Nick Garner

Search Optimisation : SEO | Online PR | Social Media




Social Media and Me

May 9th, 2011 · No Comments

I'm a social media specialist!

Social has been heating up recently in my neighborhood. I’m spending a reasonable amount of time working on how my employers (Unibet) use social more effectively within the organization.

A couple of months ago I did a session for a Marketing Week conference where i talked about how social helps generate interest in something, acts as an honest reference point to others seeing the ‘conversation’. I then tied in SEO, explaining how SEO is one of the mechanisms by which this content gets exposed.

Marketing Week Conference SEO and Social PPT from Nick Garner

Broadly the areas im interested in are
- Refer a friend (mine the social graph)
- Influencing the businesses technical architecture to make our content more easy to navigate to and get a hold of (fuel for conversations & mindshare)
- Making our content easier to navigate around (if you’re interested in us, were going to be easier to reach into)
- CRM infrastructure to externalize our help content (social isn’t just Facebook, its happy users, so help them)
- Portability of data (where you are, we can be there too with content you might want in a widget/mobile/embedded on a page)
- Building a blog infrastructures, leading onto a content framework I.e the web sites then the writers

My main thesis is
- Social isn’t just Facebook and twitter, its people communicating together anywhere
- Social is about being authentic, helpful, entertaining, engaging
- Social is part of the DNA of a business, so that means getting the technology, staff incentives and staff freedoms right.
- Make our content accessible and portable
- Be worth engaging with anywhere i.e. forums, Facebook, twitter, other sites… and your own site
- Its ambient like brand, its the fuel that propels word of mouth acquisition – that 50% of all your new business you don’t know how to track

and there you are, simple really   ;-)

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Powerpoint presentation happiness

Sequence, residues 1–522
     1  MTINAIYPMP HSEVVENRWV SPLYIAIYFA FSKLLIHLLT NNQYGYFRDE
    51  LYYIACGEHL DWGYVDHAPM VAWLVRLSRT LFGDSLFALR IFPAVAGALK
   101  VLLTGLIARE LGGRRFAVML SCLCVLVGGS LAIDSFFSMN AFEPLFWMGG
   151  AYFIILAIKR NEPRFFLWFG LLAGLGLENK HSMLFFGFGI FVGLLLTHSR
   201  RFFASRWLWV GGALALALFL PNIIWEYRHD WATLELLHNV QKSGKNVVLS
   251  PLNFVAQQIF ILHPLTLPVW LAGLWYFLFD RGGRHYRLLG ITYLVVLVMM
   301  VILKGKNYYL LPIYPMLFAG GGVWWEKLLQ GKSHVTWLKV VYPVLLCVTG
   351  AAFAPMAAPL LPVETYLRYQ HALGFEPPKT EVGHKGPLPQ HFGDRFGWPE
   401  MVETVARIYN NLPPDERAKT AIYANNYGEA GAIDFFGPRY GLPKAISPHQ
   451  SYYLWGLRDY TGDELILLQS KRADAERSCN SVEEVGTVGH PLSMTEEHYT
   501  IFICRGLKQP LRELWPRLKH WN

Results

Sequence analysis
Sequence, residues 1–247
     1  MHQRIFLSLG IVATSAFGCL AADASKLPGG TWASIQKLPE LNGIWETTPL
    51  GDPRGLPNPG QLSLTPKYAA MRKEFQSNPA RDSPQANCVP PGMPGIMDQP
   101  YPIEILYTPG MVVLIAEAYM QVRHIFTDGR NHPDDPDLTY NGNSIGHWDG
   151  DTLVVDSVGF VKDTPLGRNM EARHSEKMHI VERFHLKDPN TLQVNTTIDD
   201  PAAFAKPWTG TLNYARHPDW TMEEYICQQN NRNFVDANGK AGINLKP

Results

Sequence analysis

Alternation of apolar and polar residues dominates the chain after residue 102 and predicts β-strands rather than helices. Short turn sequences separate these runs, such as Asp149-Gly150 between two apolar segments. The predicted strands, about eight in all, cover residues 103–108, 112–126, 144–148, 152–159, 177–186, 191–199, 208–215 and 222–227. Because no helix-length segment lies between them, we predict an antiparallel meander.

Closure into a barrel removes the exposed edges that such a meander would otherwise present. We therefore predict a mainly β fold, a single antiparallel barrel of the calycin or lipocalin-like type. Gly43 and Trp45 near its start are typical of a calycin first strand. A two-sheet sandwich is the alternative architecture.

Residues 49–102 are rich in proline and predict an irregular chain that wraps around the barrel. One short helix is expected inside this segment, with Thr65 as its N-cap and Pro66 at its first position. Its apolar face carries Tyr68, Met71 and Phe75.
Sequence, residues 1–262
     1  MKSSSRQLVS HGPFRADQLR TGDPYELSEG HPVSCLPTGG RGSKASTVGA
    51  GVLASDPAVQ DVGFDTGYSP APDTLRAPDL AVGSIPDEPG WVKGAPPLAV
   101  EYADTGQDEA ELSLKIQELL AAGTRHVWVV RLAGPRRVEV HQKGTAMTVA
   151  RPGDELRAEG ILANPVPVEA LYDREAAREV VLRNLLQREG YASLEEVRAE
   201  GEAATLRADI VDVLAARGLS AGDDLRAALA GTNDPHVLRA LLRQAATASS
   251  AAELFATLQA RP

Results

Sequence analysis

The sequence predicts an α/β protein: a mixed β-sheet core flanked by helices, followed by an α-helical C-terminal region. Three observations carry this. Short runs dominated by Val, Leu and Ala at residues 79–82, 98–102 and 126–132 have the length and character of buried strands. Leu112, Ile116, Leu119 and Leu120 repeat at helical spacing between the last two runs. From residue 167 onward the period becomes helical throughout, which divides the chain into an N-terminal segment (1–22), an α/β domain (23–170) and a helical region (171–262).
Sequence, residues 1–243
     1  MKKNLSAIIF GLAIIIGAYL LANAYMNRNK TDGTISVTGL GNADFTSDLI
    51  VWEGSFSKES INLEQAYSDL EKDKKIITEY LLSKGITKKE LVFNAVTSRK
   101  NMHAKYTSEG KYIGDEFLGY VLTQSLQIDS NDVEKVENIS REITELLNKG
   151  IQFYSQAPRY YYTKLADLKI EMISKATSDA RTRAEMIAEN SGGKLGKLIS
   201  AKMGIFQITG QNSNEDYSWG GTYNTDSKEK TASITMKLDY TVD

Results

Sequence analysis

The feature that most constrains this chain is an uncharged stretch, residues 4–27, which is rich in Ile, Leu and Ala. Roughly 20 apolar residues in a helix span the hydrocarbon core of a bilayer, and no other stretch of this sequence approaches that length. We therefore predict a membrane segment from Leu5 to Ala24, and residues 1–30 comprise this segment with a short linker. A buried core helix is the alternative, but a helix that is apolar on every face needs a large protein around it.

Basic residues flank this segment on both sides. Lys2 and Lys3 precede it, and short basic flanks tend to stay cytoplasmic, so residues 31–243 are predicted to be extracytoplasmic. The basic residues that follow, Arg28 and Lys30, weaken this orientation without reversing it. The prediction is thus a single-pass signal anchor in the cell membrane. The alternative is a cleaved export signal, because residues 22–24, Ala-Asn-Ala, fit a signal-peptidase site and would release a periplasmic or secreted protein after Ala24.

May 1st, 2011 · No Comments

Garr Reynolds - Presentation Zen

The greatest presentation I’ve ever seen is this:

He is a hard act to follow, but if you even get a tiny part of his magic in your presentation, you will probably be a great presenter.

As you my know a PowerPoint presentation can break out into

  • A motivational theme
  • Transmission of facts and information
  • Or a bit of both.

Generally I assume:

  • People can already read, so don’t repeat the words on your slide verbatim
  • Keep the numbers of ideas to a minimum per slide
  • There is a start, middle and an end in all presentations and generally people forget about the stuff in the middle!
  • Come in with a BANG and go out with a BANG
  • People get bored with “ummmmmm, ahhhhhh, OK” So I like to keep it flowing
  • I have a great deal of work to do here !
  • People like to be engaged, so look at them as much as possible
  • And on engagement, ask questions….and do something with the replies
  • Have takeaways – URL’s to tools and other interesting things they can use later i.e. create a google doc, add all you content there, create a bit.ly link to it – easy!

There are 3 books that form the basis of my presentation outlook

Presentation Zen review (taken from powerpoint ninja) The book on amazon

“an informative guide to presentation preparation, design, and delivery. If you’re not already familiar with the popular Presentation Zen blog, this book highlights many of his theories and techniques. If you’ve seen a presentation from famous presenters such as Seth Godin, Guy Kawasaki, or Steve Jobs, you’ll be familiar with the highly visual, stock-photo-heavy style that Reynolds advocates.”

My Comment: He is all about stripping out every unnecessary part of a slide, bringing it to the core so you can understand whats being presented to you. e is also about shifting the emphasis to teh speaker and not the slides – after all that’s why you’re there – right?

Here is Garr Reynolds explaining Presentation Zen to a group of Googlers. Its a pleasant watch, where he explains how you can use Presentation Zen (1 hour or so)

Resonate (review taken from their site) The book on amazon

By leveraging techniques normally reserved for cinema and literature, Resonate reveals how to transform any presentation into an engaging journey. You will discover how to understand your audience, create persuasive content, and elicit a groundswell response.